Lazarus Saturday activities:

Divide your class into two teams and have a Lazarus Race as described on p. 9 of http://www.phyllisonest.com/.

Practice folding palm crosses like this: http://dce.oca.org/assets/files/resources/Palm-Crosses.pdf.

Palm Sunday activities:

Palm Sunday word search: http://www.sundayschoolzone.com/activities/phj05-triumphal-entry-hidden-message-word-search.pdf.

Lesson 4 (of this first grade level printable book) is on Palm Sunday: http://www.goarch.org/archdiocese/departments/religioused/folder.2012-03-22.9458973042/unit-7.pdf.

Read the Palm Sunday story, written in easy-to-understand language, here: http://dce.oca.org/assets/files/resources/131.pdf.

Palm Sunday and Holy Week printable guide for kids: http://dce.oca.org/assets/files/resources/125.pdf.

(Also, find Bridegroom Services info for parents here: http://dce.oca.org/assets/files/resources/42.pdf.)

Holy Week activities:

Listen to these helpful webinars on ideas of ways to help children participate in Holy Week: http://www.goarch.org/archdiocese/departments/family/files/lent/holyweek and https://www.youtube.com/watch?v=lX3UyHAKMac&feature=youtu.be.

Find brief descriptions of the Holy Week services, written in a way that children can understand, here: http://www.antiochian.org/node/25635.

Find links to articles on the Holy Week services (and more) that can help you better understand and experience the week here: http://www.antiochian.org/lent/holy-week.

Find practical, hands-on tips for helping children to better experience Holy Week here: http://orthodoxeducation.blogspot.com/2010/03/holy-week-for-kids.html?m=1 and here: http://www.orthodoxmom.com/2011/04/18/holy-week-activities-for-kids/.

Find a fantastic selection of lesson plans, discussion ideas, and activity suggestions for helping children “Journey to Pascha” here: http://dce.oca.org/focus/pascha/. The lessons are leveled by age group, so be sure to check out each lesson for the ages of your children! (There are also many printable pdfs including a “Guide to Holy Week” that children can take with them or read, prior to each service.)

Together answer questions related to the Holy Week icons that are found at: http://orthodoxeducation.blogspot.com/2009/03/holy-week-scrapbook.html.

Make a mural for the events of Holy Week as suggested here: http://dce.oca.org/assets/files/resources/1832.pdf.

Find the Bridegroom Matins “Teaching Picture,” along with its description for use with children, at http://www.antiochian.org/teaching-pictures-holy-week-and-pascha.
Read about the Bridegroom Matins services here: file:///home/chronos/u-a7946be60baa093c55717211fa16f6ff84c0651b/Downloads/42.pdf.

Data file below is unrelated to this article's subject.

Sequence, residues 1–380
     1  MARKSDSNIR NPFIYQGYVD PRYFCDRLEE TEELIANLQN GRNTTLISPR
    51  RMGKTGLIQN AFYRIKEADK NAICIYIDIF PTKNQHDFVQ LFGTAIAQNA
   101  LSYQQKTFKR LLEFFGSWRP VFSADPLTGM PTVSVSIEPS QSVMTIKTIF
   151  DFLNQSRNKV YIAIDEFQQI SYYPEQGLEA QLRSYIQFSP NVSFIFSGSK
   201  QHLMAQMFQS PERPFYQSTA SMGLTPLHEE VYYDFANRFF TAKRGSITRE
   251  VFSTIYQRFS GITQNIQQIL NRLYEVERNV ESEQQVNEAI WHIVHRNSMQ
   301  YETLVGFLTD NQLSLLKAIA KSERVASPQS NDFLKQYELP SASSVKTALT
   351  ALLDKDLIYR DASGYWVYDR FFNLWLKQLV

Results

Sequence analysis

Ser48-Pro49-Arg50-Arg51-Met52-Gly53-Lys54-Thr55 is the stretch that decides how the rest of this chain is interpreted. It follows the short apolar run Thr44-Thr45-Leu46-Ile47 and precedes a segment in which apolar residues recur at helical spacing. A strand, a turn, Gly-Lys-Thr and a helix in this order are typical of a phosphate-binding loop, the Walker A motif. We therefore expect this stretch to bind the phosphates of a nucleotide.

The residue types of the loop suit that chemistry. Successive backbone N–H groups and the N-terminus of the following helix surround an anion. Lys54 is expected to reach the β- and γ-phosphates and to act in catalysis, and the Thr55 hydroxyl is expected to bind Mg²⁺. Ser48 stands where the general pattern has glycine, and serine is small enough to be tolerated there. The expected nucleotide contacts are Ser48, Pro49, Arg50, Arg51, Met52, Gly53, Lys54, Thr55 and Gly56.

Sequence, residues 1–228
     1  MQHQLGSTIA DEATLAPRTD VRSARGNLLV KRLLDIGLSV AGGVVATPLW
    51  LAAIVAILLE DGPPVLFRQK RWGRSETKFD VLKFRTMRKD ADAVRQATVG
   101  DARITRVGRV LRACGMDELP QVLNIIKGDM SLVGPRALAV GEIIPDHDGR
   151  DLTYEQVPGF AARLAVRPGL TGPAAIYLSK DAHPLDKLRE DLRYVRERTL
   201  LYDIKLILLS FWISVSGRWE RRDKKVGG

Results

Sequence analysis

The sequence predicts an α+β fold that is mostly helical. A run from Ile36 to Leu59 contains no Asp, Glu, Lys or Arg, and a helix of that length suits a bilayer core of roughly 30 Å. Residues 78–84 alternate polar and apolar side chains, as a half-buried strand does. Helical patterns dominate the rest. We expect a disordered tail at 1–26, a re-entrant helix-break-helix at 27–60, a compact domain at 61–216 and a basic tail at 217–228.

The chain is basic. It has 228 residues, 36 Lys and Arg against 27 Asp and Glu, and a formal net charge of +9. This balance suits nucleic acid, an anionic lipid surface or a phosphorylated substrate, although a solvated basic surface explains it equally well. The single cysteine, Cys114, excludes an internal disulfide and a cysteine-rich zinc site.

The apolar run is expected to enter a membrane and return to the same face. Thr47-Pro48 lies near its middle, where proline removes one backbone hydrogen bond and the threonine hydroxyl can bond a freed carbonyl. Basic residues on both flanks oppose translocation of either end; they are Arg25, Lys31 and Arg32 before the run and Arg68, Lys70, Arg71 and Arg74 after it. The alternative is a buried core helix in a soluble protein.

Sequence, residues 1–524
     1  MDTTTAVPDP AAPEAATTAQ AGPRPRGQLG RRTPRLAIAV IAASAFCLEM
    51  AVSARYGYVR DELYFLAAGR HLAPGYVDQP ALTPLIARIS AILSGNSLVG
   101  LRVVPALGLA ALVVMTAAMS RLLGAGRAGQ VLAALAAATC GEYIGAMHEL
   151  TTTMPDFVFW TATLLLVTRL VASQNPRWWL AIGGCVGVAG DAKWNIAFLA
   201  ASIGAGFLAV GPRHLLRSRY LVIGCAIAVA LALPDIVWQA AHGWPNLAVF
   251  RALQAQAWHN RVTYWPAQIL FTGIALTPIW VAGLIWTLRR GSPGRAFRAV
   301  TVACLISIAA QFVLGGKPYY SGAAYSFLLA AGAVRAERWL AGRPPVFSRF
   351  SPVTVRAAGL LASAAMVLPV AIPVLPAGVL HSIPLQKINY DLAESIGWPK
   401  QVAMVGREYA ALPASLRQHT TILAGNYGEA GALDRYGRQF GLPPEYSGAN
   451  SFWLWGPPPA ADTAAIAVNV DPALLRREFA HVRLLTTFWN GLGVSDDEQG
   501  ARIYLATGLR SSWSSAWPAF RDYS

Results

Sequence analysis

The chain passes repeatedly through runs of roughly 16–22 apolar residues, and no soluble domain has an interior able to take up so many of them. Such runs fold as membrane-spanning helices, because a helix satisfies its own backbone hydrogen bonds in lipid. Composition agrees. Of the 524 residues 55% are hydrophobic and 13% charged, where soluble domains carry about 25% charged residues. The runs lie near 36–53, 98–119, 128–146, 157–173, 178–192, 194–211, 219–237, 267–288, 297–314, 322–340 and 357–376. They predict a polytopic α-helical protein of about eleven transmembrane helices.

Watch a 5-minute story, animated with Legos, from the Last Supper through the resurrection: https://www.youtube.com/watch?v=-M8Yesnt1V8&feature=youtu.be.

See the 25-minute animated story of Holy Week through the resurrection from The Beginner’s Bible: https://www.youtube.com/watch?v=0PSgoPdKQFQ.

Find printable coloring pages for Holy Week here: http://meaburrelareligion.blogspot.com/2012/03/colorear-pascua.html.

Play this board game together: http://www.annunciationakron.org/phyllisonest/pdf/Great%20Lent%20Board%20Game%202011%202-19.pdf.

Holy Thursday activities:

Jesus washed His disciples’ feet word search: http://www.sundayschoolzone.com/activities/jesus-washed-the-disciples-feet-word-search.pdf.

Find a printable Holy Thursday notebooking page here: http://www.catholicicing.com/wp-content/uploads/2015/03/Holy-Thursday-Notebooking-Page.pdf.

Find printable “Last Supper” coloring pictures here: http://meaburrelareligion.blogspot.com/2013/10/ultima-cena-colorear.html.

Read the Last Supper story written in easy-to-understand language, at: http://dce.oca.org/assets/files/resources/107.pdf.

Find the Last Supper icon to color at http://dce.oca.org/assets/files/resources/LastSupper1.pdf.

There is a footwashing icon to print and color at http://dce.oca.org/assets/files/resources/175.pdf.

Holy Friday activities:

Find quiet activities for Holy Friday and Saturday here: http://goodbooksforyoungsouls.blogspot.com/2014/04/quiet-activities-for-holy-friday-and.html.

Find the Holy Friday Vespers “Teaching Pictures” photo and description for use with children at http://www.antiochian.org/teaching-pictures-holy-week-and-pascha.

Find printable coloring pages for Holy Friday here: http://meaburrelareligion.blogspot.com/2012/03/historia-ilustrada-para-colorear-muerte.html.

Read the story of the crucifixion written in easy-to-understand language, at: http://dce.oca.org/assets/files/resources/100.pdf.

Print the crown of thorns icon to color, from: http://dce.oca.org/assets/files/resources/54.pdf.

Print a colorable icon of the crucifixion at  http://dce.oca.org/assets/files/resources/53.pdf.

Find a printable, colorable icon of the burial of Christ at http://dce.oca.org/assets/files/resources/43.pdf.